Properly so, Johnson County’s elected officials are pressing state officials to take action that would protect lives along Kansas 10, which connects the county to Lawrence.
However, the solution preferred by some County Commission members — installing cable barriers along the highway — is not supported by Kansas Department of Transportation officials at this time. That’s unfortunate.
The barriers have been installed on Kansas City area roadways, especially on the Missouri side.
Studies show they help prevent deadly crossover accidents and save lives, but they are not universally loved. Motorcyclists, for example, say the barriers are especially dangerous to them.
On a more positive note, state officials said they would try to get additional money to ramp up increased enforcement of the speed limit along K-10. And a safe-driving ad campaign might be possible, too.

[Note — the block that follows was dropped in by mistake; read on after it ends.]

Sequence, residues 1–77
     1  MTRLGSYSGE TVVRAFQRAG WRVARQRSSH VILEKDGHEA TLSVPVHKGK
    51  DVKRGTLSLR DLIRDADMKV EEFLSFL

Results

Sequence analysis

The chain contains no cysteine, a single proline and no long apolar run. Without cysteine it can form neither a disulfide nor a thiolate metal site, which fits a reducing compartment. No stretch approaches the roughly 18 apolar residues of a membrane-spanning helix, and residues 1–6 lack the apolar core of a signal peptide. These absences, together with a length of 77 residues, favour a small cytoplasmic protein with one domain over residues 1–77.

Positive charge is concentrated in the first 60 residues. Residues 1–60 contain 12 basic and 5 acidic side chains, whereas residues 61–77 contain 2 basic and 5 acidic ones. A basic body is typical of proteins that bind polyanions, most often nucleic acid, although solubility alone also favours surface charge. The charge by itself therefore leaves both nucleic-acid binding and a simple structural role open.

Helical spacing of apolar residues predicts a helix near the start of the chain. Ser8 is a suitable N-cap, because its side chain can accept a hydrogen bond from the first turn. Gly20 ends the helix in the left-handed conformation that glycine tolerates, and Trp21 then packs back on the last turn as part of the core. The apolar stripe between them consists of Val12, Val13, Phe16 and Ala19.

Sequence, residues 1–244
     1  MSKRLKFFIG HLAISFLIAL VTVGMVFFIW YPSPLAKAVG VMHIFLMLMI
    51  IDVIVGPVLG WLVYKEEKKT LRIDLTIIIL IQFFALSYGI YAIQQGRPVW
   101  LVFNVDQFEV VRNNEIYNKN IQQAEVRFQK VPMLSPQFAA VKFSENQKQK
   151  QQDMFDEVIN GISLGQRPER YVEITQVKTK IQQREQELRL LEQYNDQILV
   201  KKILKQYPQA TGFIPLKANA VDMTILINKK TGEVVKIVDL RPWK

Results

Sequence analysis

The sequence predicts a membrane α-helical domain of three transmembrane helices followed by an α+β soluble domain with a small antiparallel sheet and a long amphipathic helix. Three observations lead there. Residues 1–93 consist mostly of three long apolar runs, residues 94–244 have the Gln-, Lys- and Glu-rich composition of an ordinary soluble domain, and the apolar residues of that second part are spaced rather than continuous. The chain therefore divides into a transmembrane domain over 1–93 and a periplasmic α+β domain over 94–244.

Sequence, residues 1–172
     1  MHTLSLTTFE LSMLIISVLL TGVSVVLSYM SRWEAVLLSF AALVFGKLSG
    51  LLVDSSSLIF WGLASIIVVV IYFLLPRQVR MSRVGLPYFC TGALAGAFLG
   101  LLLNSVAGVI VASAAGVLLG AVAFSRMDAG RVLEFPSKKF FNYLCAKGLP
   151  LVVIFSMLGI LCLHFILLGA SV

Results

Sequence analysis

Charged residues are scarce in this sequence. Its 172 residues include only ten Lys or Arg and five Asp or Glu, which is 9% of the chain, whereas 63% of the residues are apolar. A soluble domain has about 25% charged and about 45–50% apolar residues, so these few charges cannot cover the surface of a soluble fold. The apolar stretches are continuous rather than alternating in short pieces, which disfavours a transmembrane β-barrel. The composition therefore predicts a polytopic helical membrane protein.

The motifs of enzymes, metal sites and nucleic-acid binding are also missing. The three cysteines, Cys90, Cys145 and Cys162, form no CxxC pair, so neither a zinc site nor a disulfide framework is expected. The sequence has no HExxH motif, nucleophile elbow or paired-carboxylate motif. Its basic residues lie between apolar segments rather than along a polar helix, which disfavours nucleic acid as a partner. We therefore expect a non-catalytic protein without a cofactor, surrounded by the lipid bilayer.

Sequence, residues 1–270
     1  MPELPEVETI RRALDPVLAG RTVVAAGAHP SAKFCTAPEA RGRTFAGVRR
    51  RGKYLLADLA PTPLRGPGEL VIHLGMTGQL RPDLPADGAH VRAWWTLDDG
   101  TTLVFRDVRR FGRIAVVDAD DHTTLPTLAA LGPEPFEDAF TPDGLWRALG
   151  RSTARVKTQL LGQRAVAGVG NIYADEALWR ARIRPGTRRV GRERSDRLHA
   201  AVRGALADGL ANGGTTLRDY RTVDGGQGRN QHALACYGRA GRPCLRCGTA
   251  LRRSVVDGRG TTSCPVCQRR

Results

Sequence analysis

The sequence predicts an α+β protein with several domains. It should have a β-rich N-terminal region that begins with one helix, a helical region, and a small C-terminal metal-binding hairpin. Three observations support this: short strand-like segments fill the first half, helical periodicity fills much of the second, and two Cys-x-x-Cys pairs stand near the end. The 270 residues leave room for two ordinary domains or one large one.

Both efforts make sense, and it would be great if they could prompt big changes. As The Star reported last week, the median speed on K-10 is 79 miles an hour, or almost 10 miles an hour over the posted speed limit on the highway in much of the county.
Notably, previous anti-speeding programs on K-10 have failed to prompt drivers to slow down. And without the threat of heavy fines or saturated policing, motorists likely are not going to follow the law in the future, either.
Johnson County officials said they could try to look for funds from other sources to help the state pay to install the barriers. That’s reasonable. Eventually, the state and county need to work out an agreement that allows the barriers to be built and to start saving more lives.